Ever since 1945, when the atrocities of the Holocaust became undeniably and patently clear for the world to see, the preferred response for preventing its recurrence has been Holocaust education. If only people are better informed about the horrific degree of the atrocities that hatred wrought, the argument goes, they would understand why antisemitism (and, really, all genocide) is bad. This has been the premise behind Holocaust museums worldwide and their attempt to show the events as deeply personal through the documentation of the stories of real people who suffered and died for no reason other than being Jewish. 

Holocaust education for the general public and also Holocaust research by academics have both focused on documenting the atrocities and Nazi crimes to prove that yes, they really happened, and worse, that regular people could commit such horrific violence against other people. Works from historians such as Jan Gross and Christopher Browning have become standard reading for Holocaust education and are routinely used in college classes.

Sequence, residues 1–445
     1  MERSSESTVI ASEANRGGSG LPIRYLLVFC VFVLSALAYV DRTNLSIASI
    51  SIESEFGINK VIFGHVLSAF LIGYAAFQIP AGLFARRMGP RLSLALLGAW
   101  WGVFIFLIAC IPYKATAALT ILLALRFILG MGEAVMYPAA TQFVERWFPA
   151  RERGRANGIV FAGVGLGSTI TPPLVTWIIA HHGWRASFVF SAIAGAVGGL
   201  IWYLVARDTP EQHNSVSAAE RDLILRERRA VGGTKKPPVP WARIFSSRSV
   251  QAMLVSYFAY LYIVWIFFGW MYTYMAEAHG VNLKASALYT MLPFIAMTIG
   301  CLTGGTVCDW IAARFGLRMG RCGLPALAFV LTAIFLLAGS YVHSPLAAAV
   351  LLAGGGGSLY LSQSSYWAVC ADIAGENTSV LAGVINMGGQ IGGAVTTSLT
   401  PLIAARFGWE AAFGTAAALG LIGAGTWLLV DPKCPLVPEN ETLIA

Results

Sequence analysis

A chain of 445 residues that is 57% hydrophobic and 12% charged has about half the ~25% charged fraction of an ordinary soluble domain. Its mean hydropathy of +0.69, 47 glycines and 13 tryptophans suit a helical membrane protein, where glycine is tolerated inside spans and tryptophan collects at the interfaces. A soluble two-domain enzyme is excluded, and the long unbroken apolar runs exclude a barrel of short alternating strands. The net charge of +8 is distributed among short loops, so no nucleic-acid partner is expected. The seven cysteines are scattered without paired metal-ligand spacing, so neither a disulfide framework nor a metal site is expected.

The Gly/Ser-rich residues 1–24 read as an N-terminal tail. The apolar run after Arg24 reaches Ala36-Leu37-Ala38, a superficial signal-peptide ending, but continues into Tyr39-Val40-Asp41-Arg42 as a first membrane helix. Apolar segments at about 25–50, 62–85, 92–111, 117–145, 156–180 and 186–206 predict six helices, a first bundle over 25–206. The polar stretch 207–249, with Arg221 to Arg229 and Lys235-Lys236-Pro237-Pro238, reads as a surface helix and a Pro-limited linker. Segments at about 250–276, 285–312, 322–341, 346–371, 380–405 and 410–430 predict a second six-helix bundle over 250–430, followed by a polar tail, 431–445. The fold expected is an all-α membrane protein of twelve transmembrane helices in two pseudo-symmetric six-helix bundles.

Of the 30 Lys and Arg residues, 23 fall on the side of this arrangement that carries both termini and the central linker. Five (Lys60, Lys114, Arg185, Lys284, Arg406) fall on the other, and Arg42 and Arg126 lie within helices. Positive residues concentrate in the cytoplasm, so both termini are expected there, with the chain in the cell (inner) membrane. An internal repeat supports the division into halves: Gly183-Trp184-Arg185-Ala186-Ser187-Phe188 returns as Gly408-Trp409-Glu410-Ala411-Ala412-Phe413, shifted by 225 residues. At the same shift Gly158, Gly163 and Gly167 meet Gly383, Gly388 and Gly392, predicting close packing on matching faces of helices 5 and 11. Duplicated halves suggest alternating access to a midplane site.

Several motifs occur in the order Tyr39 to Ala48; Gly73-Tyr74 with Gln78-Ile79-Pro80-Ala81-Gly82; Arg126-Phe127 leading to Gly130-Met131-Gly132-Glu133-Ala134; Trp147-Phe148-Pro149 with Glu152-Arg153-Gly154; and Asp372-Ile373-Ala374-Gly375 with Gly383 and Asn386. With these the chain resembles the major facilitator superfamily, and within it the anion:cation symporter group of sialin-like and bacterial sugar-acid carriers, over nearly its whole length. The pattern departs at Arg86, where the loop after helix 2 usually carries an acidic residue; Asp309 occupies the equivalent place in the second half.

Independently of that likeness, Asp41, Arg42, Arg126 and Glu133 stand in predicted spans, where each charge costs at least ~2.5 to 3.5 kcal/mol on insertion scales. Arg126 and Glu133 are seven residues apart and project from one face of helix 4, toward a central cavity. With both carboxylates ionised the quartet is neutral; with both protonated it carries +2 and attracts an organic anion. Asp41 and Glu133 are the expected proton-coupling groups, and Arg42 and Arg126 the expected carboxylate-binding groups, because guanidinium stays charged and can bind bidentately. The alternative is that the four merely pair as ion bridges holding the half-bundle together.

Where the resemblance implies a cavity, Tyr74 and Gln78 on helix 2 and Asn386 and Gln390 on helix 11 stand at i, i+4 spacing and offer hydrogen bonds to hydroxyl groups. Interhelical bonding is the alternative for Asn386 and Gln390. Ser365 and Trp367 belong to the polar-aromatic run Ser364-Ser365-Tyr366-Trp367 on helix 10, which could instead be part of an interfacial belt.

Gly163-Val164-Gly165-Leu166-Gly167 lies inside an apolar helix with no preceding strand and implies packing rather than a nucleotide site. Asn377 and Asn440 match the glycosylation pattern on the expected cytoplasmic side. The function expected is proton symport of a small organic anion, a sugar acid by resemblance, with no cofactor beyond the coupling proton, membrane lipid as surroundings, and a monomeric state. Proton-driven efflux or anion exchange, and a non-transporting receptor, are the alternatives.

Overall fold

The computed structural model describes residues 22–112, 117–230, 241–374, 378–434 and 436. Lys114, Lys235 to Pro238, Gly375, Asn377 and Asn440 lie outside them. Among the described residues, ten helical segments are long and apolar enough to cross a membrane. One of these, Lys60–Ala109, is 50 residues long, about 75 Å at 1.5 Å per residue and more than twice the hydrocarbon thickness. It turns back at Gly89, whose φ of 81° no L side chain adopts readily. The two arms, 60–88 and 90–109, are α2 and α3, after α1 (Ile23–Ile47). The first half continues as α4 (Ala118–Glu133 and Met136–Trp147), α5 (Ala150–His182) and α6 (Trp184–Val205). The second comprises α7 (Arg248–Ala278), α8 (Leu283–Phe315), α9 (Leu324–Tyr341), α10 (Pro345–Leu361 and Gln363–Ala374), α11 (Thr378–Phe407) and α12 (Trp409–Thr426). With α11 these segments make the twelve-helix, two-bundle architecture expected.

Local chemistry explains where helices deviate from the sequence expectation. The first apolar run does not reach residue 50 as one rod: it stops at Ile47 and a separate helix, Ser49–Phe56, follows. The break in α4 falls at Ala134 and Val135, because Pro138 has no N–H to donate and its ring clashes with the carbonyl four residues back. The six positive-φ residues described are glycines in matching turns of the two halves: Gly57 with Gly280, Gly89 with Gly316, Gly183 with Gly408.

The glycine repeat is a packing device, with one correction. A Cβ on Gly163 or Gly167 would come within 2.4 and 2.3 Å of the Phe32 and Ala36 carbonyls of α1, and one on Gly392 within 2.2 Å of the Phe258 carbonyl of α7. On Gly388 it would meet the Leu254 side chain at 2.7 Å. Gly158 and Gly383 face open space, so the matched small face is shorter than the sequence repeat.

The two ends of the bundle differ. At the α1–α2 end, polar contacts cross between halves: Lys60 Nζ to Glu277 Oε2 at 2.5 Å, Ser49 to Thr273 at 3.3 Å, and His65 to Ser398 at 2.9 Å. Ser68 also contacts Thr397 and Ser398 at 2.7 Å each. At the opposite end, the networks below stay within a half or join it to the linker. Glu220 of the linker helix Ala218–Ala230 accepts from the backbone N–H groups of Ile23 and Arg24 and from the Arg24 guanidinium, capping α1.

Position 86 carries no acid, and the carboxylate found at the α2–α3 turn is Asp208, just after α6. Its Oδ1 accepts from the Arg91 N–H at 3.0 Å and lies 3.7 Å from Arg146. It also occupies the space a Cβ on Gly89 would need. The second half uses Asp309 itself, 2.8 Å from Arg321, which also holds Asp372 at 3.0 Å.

There has been no shortage of thorough documentation and educational resources on the Holocaust readily available to the public for decades. But the problem is, the new antisemitism that has sprouted to the surface this fall is coming from the most educated students: those in the Ivy Leagues. These are students who have been to Holocaust museums, have learned plenty about the evils of genocide, and have possibly even read Browning’s Ordinary Men for a class, perhaps even this very fall semester. And yet, all they could say about the events of October 7 is “Jews deserve this.”

The new antisemitism that has sprouted to the surface this fall is coming from the most educated students.

This unapologetic antisemitism is a provocation that contends that the previous history of oppression against the Jewish people doesn’t matter or apply. In fact, some have weaponized the historic experiences of the Jewish people back onto them, going so far as to call Gaza a concentration camp and accusing Jews of being Nazis. 

Clearly, more education won’t help here. So how do we respond when things are so bad that Harvard required the menorah to be taken into storage for safekeeping every night of Hanukkah this past December to avoid sure vandalism? How do we respond to such openly impenitent declarations of hate, spouted by respected intellectuals? 

How to Battle New Antisemitism